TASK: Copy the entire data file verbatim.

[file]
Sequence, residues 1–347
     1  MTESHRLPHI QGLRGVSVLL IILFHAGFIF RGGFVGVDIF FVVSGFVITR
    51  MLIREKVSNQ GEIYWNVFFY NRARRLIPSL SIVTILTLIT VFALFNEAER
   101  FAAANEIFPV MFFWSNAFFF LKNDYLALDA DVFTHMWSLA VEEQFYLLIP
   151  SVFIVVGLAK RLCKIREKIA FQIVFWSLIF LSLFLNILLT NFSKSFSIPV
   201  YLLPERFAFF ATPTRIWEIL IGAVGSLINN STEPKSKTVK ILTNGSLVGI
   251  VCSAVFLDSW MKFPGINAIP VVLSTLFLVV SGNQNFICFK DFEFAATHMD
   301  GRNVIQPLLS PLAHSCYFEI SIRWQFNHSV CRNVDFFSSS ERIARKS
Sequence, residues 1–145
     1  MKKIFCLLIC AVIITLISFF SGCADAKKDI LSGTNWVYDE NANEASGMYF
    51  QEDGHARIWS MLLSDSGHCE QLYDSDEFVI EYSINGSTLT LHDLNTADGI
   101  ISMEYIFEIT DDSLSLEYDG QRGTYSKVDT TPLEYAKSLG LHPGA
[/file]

Sequence, residues 1–347
     1  MTESHRLPHI QGLRGVSVLL IILFHAGFIF RGGFVGVDIF FVVSGFVITR
    51  MLIREKVSNQ GEIYWNVFFY NRARRLIPSL SIVTILTLIT VFALFNEAER
   101  FAAANEIFPV MFFWSNAFFF LKNDYLALDA DVFTHMWSLA VEEQFYLLIP
   151  SVFIVVGLAK RLCKIREKIA FQIVFWSLIF LSLFLNILLT NFSKSFSIPV
   201  YLLPERFAFF ATPTRIWEIL IGAVGSLINN STEPKSKTVK ILTNGSLVGI
   251  VCSAVFLDSW MKFPGINAIP VVLSTLFLVV SGNQNFICFK DFEFAATHMD
   301  GRNVIQPLLS PLAHSCYFEI SIRWQFNHSV CRNVDFFSSS ERIARKS
Sequence, residues 1–145
     1  MKKIFCLLIC AVIITLISFF SGCADAKKDI LSGTNWVYDE NANEASGMYF
    51  QEDGHARIWS MLLSDSGHCE QLYDSDEFVI EYSINGSTLT LHDLNTADGI
   101  ISMEYIFEIT DDSLSLEYDG QRGTYSKVDT TPLEYAKSLG LHPGA